“There can be no better introduction to American society than one written by these two brilliant commentators.” (Michael Burawoy, University of California, Berkeley)
“I used Wright and Rogers’s American Society for an introductory sociology course. The text provided an accessible entrance into the fundamentals of sociological analysis, from economic principles and social inequality to mass consumption to participatory democracy. The work is clearly theoretically informed, but the most impressive contribution lies in the wealth of empirical studies, statistics, tables, and figures provided throughout the text. My students were particularly drawn to the empirical evidence and the consistent reference to contemporary debates about social issues, such as health care and campaign financing. The authors’ suggestions for ways to reduce social inequality ignited class discussions about the limits and potential of social change at the personal and structural level. I would recommend this text for any introductory sociology course focused on alternative understandings of social inequality in American society.” (Robyn Autry, Wesleyan University)
“Imagine a book about American social dynamics written by a pair of public intellectuals who are also eminent academics, aimed at beginners. Imagine a book that gives equal weight to facts and ideas, treating each with lucidity and grace. This is that book.” (David Smith, University of Kansas)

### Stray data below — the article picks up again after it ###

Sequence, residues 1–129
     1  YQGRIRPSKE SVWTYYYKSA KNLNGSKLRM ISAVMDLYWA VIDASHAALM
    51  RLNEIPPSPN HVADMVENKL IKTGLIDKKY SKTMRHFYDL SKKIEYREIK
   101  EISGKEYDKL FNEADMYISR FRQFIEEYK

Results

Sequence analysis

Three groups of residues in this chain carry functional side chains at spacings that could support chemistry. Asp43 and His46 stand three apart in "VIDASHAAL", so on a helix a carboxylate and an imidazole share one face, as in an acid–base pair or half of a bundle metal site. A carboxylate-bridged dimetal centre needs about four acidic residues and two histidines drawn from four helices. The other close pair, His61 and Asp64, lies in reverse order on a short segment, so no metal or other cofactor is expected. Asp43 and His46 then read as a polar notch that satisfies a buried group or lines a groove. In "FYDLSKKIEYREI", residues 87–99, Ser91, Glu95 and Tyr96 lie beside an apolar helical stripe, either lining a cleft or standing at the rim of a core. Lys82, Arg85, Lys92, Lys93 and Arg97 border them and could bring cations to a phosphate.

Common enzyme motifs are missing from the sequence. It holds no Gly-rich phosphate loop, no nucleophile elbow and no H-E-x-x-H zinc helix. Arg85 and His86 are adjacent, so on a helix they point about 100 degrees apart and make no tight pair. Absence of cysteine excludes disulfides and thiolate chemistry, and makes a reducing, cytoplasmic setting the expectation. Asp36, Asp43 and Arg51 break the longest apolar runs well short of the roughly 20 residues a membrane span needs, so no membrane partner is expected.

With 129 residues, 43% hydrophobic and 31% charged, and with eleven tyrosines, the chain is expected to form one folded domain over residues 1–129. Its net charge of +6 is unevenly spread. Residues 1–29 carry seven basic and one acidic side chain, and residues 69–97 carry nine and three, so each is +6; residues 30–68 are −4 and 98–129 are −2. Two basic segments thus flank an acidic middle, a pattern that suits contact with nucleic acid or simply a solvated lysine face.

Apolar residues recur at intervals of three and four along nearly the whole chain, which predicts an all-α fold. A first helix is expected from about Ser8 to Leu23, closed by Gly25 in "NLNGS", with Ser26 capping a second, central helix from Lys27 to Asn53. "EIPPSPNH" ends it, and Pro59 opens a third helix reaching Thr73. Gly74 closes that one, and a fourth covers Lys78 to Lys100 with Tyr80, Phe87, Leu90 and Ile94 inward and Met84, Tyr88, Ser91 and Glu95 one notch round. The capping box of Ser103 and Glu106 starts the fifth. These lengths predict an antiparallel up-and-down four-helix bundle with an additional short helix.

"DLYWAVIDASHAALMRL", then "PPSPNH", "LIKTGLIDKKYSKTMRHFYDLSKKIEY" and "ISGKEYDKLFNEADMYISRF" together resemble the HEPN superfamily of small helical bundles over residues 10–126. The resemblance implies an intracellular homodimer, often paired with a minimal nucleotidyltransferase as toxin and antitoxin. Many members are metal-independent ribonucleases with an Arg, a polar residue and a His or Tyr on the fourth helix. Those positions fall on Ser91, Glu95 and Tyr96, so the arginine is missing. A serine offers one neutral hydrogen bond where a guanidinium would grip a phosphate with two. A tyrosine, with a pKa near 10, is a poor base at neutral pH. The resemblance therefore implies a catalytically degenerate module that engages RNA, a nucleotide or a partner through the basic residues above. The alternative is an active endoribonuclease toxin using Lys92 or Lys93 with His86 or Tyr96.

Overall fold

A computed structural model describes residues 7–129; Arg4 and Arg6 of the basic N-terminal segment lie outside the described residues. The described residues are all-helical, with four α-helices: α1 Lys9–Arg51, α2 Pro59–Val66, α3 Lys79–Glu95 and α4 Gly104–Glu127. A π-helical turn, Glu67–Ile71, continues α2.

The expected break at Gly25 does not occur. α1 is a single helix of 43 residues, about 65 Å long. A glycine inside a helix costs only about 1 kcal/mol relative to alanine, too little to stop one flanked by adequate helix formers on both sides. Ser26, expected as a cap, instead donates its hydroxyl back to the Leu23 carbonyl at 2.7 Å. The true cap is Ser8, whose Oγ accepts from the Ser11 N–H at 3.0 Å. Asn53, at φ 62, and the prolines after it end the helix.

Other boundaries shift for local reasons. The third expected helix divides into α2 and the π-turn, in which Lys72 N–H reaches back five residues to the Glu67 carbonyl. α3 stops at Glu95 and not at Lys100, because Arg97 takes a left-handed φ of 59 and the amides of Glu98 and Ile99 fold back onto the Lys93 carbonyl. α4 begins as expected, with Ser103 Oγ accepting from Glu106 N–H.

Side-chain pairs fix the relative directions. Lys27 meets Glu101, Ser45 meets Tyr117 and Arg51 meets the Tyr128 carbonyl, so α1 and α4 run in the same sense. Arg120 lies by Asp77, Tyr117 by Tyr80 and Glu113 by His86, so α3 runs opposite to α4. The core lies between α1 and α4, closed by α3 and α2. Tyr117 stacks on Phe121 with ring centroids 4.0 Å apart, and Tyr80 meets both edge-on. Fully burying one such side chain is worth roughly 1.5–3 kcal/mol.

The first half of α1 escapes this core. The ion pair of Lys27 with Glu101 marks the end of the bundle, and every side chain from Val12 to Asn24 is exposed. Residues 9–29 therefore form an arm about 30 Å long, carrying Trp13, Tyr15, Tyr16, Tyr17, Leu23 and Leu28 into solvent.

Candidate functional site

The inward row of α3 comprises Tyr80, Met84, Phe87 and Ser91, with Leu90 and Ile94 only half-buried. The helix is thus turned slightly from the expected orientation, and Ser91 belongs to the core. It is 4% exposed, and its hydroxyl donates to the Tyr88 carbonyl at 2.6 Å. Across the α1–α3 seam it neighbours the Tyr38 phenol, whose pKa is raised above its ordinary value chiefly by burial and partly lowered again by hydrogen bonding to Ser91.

About the Author
Joel Rogers, a MacArthur Foundation "genius" prize-winner and identified by Newsweek as one of the 100 living Americans most likely to shape U.S. politics and culture in the twenty-first century, is professor of law, political science, public affairs, and sociology at the University of Wisconsin−Madison. The common thread in his academic work is democracy: how to define and measure it, what makes it work, how to make it work better. Rogers spends a lot of time outside the university advising people in politics, government, business, and social movements. He runs the Center on Wisconsin Strategy, which promotes “high road” (i.e., equitable, sustainable, democratic) economic development and governance, and has produced a stream of influential innovations in worker training; business and labor strategy; and local, state, and national policy.